Have you taken a good look at your tongue in the mirror lately? If so, it's possible that you noticed some deep cracks or fissures and asked yourself, "Is this normal? How did this happen?"
Luckily, there's likely nothing to worry about. However, if you notice abnormal grooves or creases, you may have a relatively common condition known as fissured tongue.
If you've observed some unusual areas on your tongue, it's normal to have questions about what causes fissured tongue, whether it's related to other health conditions, and how to get rid of it.
In this article, we'll discuss what a healthy tongue should look like and what to do if yours has unusual cracks or fissures.
What does a healthy tongue look like?
Before we get into what fissured tongue is, it's vital to understand how a "normal" tongue should look.
Generally, a healthy tongue is pink colored with no noticeable injuries, coatings, changing colors, or areas of discomfort. It should also be moist, smooth, and have normal tongue papillae, including tiny bumps called taste buds, on the surface.
Changes to the tongue's appearance often indicate disease. One example is a white or yellow coating, which may suggest an acute illness, such as a cold or digestive issue, a contagious disease, or other oral conditions. Likewise, a swollen tongue may result from an allergy or infection.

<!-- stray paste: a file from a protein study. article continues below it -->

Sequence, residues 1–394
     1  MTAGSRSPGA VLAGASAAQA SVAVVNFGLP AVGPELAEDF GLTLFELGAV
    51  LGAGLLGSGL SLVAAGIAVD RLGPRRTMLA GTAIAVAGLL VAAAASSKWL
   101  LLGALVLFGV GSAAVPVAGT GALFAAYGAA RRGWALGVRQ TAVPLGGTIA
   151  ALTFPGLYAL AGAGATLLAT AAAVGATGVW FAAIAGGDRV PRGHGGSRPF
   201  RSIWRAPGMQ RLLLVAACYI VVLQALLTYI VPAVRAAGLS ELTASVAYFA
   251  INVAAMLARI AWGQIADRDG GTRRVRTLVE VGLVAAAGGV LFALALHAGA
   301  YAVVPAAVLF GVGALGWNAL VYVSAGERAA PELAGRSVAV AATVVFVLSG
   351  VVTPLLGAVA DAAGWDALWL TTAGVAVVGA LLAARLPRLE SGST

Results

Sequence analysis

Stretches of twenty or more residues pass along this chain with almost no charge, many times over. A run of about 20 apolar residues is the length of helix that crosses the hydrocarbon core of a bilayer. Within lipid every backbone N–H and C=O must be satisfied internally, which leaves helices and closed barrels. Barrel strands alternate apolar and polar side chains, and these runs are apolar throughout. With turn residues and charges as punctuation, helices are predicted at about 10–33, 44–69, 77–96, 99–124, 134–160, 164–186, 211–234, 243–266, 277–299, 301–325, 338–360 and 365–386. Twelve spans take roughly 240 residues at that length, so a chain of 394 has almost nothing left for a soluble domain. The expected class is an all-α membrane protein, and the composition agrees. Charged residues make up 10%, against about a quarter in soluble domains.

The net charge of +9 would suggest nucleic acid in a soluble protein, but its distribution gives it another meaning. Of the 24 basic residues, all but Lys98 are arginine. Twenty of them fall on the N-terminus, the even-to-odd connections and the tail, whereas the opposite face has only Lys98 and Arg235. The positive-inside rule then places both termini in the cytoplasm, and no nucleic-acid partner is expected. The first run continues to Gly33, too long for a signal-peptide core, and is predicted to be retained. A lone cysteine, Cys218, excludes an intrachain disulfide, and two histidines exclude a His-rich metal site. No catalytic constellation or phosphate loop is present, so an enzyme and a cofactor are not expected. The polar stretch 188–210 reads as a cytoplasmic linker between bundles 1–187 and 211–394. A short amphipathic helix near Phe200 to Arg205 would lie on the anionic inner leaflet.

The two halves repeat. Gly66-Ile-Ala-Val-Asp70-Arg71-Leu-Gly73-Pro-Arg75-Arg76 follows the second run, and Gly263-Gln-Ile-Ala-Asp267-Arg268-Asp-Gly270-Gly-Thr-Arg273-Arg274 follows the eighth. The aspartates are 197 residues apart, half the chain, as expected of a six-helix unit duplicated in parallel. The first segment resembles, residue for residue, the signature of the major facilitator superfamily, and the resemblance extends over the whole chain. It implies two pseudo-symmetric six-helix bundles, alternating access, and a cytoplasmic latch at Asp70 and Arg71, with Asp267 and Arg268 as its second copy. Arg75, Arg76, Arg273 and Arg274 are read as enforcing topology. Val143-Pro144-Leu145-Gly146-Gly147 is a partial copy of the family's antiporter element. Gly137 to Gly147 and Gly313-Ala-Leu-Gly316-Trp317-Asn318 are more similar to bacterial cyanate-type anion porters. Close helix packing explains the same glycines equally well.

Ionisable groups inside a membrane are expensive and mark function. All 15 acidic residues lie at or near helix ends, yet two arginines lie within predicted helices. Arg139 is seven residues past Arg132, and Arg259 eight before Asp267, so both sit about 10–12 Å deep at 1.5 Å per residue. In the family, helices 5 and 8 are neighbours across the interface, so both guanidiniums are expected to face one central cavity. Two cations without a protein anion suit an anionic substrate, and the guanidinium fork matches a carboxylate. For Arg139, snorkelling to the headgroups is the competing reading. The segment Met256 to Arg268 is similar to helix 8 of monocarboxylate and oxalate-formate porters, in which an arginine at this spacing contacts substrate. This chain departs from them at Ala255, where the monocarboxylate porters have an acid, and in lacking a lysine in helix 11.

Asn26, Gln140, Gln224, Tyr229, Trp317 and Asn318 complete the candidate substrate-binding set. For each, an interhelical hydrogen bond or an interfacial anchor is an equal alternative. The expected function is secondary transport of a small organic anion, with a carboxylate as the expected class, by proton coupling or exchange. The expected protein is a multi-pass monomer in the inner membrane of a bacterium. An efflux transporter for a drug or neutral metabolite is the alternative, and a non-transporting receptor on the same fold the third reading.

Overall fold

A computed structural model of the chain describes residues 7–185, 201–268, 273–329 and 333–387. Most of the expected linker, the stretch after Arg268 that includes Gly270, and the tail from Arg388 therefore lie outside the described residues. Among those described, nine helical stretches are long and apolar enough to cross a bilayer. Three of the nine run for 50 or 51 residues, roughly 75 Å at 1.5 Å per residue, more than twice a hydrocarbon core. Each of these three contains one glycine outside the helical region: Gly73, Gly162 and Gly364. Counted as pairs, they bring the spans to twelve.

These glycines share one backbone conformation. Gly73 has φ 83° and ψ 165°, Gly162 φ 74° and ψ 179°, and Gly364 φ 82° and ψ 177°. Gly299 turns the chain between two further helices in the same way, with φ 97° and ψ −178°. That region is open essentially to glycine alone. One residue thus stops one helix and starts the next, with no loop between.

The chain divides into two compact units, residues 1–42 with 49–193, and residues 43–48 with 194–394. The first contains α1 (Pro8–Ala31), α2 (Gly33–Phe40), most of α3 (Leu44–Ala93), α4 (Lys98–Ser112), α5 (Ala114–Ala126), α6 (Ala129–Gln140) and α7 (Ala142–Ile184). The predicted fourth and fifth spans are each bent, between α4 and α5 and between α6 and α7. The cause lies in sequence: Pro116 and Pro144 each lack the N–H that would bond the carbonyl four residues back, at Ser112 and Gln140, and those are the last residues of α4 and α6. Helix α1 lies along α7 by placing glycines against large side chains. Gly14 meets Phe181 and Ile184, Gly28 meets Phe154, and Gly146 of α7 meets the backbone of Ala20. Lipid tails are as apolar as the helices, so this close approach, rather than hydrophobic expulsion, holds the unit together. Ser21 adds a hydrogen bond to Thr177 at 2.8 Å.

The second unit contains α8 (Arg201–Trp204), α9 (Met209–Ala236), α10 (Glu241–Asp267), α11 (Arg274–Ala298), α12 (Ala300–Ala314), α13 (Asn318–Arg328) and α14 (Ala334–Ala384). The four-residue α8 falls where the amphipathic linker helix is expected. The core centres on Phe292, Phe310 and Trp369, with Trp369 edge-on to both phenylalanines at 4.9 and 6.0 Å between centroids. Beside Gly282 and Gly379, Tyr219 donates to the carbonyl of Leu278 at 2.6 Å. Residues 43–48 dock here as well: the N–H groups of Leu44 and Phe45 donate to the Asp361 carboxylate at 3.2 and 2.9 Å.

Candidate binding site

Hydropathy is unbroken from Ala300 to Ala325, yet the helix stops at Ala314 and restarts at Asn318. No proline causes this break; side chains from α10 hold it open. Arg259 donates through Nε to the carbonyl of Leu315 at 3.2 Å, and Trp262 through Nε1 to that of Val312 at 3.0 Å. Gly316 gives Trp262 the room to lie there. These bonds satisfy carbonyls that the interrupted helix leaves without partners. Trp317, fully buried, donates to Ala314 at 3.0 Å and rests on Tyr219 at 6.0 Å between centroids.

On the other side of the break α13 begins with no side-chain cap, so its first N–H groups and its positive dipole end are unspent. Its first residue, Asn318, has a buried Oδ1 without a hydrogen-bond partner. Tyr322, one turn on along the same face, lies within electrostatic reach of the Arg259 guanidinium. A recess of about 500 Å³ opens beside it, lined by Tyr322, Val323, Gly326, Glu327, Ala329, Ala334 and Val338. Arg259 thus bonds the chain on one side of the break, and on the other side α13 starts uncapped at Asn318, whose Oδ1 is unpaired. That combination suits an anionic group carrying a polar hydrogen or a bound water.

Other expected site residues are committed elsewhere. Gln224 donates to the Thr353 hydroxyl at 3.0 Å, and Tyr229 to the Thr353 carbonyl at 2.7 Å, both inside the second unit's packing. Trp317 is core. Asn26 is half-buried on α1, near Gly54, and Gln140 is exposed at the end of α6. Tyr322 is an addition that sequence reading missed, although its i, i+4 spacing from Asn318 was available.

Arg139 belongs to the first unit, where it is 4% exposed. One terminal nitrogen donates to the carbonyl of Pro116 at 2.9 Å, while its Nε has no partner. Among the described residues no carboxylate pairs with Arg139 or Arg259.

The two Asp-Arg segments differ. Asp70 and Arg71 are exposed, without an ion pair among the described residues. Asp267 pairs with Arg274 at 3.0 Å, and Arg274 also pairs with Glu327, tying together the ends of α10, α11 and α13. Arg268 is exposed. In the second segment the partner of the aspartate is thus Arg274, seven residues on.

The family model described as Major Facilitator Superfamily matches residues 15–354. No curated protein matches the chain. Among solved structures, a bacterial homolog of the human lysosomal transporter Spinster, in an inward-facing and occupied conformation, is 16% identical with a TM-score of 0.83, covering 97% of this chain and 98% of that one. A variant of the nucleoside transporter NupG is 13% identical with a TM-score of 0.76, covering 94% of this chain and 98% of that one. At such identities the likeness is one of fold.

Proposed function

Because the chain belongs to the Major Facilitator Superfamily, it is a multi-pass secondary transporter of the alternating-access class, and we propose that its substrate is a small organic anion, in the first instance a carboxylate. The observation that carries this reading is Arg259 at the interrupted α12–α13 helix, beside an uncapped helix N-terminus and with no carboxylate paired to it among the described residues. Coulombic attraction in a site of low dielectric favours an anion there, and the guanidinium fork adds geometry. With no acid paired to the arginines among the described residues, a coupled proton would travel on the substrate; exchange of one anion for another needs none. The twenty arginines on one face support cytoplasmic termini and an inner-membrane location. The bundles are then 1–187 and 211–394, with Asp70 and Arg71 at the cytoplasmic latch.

What does fissured tongue look like?
The term "fissured tongue" is typically used to describe a tongue with visible cracks on its top surface. The condition may also be called "scrotal tongue," "lingua plicata," or "plicated tongue," but they all essentially mean the same thing.
Fissured tongues usually have cracks throughout the entire dorsal or top surface. These fissures may vary widely in number, depth, and length. So, they can be shallow or deep, long or short, and there may be one single fissure or multiple.
In many cases, there is one prominent fissure in the center of the tongue. However, most are found in the middle third. You're unlikely to find fissures or cracks on the tongue's bottom or ventral surface.
Is fissured tongue normal?
So, are fissures or cracks on the tongue normal? Yes and no. Typically, there are no large cracks or deep grooves on a tongue's surface. However, having a fissured tongue is not as rare as you might think.